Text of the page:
The Old Sack and Brag | Media | Chicago Reader

News & Politics » Media

The Old Sack and Brag

The Northwest Herald's been running an ad touting the editorial cartoonist it laid off in October.


Sign up for our newsletters Subscribe


An uncle who hadn't seen Scott Nychay for a while asked him at a family party a few weeks ago how things were going at work. The Northwest Herald laid me off last October, Nychay replied. Then why, a puzzled cousin asked, is the Herald bragging about you on TV?

The Herald had featured Nychay in TV ads before. It had put his face on billboards. But this ad he knew nothing about. It turned out to be a 15-second spot running early in the morning on WBBM TV, the Herald's "news partner." Thanks to an understanding between marketing departments, the Herald advertises on WBBM and WBBM advertises in the Herald. "More than 60 awards in 2005," the spot says, "including: best-overall news-paper, AP top-ten sports section, and Fischetti editorial-cartoonist honor. Maybe that's why more people in McHenry County read the Northwest Herald than all other papers combined. The Northwest Herald--closer to home."

The John Fischetti is a national award named for the editorial cartoonist of the old Chicago Daily News, and it's given annually by Columbia College. Last year Nychay competed against 71 other cartoonists who each submitted a cartoon drawn in 2005; Nychay's entry, "Intelligent Design," earned him a tie for second and a $1,000 prize. The cartoon briefly appeared in the Herald ad.

In his eight years at the Herald Nychay won ten first-place state awards from the AP and the Illinois Press Association, along with several other honors. When the tsunami hit Asia in 2004 and again when Katrina hit the gulf coast in 2005, he launched a "drawing support" campaign, selling signed prints of his cartoons. (He says he raised a total of $50,000 for the Red Cross Relief Fund.) But at strapped newspapers, talent and public-spiritedness aren't job guarantees, least of all for editorial cartoonists, an endangered species.

Monday I got Nychay's old boss on the phone and asked him to explain the ad. The explanation, in a word, was Whoops! Chris Krug, group editor of the Herald, the Kane County Chronicle, and other regional papers in the Shaw Newspapers chain, says the ad was created in 2005; an updated version began running last July (a few months before Nychay lost his job) between 5 and 6:30 in the morning--a classic out-of-sight, out-of-mind time slot. "I'm grateful you brought it to our attention," Krug told me. "We're the smallest newspaper group in metropolitan Chicago and we're battling it out with the Sun-Times and the Tribune and the Daily Herald with extremely limited resources. This was clearly an oversight on our part and not an attempt to gain ground through the work of a former employee.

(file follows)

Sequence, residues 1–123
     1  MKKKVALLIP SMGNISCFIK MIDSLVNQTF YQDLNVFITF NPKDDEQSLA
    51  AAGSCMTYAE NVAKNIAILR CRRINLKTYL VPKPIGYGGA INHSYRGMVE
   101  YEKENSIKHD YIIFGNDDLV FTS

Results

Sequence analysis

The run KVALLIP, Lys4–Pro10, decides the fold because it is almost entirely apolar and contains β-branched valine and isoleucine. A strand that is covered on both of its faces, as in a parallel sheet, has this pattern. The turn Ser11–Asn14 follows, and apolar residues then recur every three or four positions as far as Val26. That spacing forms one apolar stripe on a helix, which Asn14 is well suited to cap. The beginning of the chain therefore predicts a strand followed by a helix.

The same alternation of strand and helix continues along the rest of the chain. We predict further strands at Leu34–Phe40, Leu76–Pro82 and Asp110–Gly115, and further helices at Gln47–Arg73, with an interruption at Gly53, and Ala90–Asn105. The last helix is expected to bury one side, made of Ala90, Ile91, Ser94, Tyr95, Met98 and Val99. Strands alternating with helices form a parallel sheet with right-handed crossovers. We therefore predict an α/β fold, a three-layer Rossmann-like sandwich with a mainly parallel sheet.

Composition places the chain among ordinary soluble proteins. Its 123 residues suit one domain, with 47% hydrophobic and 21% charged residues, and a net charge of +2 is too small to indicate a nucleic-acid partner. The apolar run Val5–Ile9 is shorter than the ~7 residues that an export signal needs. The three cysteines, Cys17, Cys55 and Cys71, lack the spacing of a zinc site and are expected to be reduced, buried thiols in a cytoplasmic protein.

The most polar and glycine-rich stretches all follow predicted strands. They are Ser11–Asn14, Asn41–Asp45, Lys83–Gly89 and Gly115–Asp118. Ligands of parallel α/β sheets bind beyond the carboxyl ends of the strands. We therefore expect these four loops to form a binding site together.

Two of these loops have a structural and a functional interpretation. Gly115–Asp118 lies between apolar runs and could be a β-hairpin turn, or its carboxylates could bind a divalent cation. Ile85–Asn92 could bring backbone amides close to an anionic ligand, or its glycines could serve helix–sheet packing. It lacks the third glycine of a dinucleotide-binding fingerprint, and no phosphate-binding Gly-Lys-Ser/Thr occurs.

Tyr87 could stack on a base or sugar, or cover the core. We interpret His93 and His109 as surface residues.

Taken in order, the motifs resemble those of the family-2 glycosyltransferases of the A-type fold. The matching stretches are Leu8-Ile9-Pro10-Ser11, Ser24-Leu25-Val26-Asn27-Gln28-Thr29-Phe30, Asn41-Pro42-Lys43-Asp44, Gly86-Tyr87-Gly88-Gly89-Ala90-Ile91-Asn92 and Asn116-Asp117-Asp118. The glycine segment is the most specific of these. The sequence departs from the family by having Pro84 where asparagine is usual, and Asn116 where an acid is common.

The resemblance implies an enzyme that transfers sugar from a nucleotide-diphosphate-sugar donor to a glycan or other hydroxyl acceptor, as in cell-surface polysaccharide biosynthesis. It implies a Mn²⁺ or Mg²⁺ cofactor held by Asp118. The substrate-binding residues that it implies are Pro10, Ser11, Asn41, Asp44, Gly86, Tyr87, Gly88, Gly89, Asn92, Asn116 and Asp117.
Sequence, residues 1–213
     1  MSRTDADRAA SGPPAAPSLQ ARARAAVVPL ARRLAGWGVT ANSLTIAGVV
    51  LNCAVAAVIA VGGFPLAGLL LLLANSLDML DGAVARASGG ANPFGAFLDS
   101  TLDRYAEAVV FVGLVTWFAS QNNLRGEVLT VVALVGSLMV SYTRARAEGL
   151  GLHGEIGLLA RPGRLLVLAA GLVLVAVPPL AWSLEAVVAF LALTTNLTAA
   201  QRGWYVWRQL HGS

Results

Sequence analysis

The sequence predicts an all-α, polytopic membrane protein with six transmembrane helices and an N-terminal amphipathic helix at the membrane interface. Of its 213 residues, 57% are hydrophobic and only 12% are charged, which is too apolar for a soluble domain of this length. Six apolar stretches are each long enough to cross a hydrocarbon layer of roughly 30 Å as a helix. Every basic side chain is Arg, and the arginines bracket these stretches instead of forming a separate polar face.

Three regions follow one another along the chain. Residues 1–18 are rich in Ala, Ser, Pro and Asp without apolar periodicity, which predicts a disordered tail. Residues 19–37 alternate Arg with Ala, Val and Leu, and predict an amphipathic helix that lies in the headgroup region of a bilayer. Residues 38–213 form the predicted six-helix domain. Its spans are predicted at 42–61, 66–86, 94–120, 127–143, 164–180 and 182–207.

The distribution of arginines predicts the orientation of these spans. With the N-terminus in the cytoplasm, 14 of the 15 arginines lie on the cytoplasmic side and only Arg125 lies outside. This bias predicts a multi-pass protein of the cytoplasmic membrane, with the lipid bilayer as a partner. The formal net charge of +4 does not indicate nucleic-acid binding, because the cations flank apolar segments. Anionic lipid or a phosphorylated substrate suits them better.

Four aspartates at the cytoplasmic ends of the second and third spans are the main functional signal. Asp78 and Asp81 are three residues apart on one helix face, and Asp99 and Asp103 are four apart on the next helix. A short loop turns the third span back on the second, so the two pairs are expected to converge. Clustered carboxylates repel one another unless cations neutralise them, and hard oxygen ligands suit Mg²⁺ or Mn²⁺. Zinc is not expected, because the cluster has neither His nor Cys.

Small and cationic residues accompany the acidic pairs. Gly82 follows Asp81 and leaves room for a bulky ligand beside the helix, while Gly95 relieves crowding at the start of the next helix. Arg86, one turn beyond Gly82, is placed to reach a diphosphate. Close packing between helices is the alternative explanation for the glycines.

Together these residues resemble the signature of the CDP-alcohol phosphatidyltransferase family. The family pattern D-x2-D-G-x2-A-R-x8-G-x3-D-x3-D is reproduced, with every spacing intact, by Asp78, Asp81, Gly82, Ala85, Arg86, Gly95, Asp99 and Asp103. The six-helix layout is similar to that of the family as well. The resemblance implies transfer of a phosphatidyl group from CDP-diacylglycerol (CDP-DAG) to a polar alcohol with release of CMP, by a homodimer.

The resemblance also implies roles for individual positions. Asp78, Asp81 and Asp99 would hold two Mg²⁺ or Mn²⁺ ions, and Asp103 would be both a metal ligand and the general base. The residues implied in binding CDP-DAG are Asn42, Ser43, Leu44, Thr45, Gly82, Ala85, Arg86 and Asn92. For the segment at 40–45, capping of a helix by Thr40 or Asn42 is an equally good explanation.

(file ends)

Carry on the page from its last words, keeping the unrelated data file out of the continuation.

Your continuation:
"I know the ad's been pulled. It was pulled this morning."

If Nychay had called Krug straightaway, maybe Krug would have pulled the ad and apologized and that would have been that. But Nychay took his troubles to a larger forum. "Is this ethical to run an ad with someone who no longer is employed at the company and perhaps worth a story?" he wondered in a letter sent to various people who focus on journalism ethics. "It speaks to the larger issue of the demise of the editorial cartoonist in a nation that prides itself on freedom of the press."

The replies were spirited and pretty much unanimous. "It's kind of unethical and really pathetic," wrote Kelly McBride, the Poynter Institute's resident ethicist. "Kind of unethical because their commercials imply that you still work there, that they are proud of your work and that your work brings value to the paper in a way that sets it apart from its competitors. Really pathetic because they have no shame. Sure they let you go for economic reasons, but come on!!! If you're going to lay a guy off, at least have the decency to come clean with the audience."

"Sounds dodgy to me," replied Brent Cunningham, managing editor of the Columbia Journalism Review. I called Cunningham to ask permission to use his letter and found him willing to speak more forcefully: it sounded to him like Nychay "was getting screwed."

Joe Skeel, editor of Quill, the journal of the Society of Professional Journalists, told Nychay the situation fell outside the scope of SPJ's code of ethics. That said, "I personally think it's a slimy thing to do. They think you are good enough to advertise, but not employ?"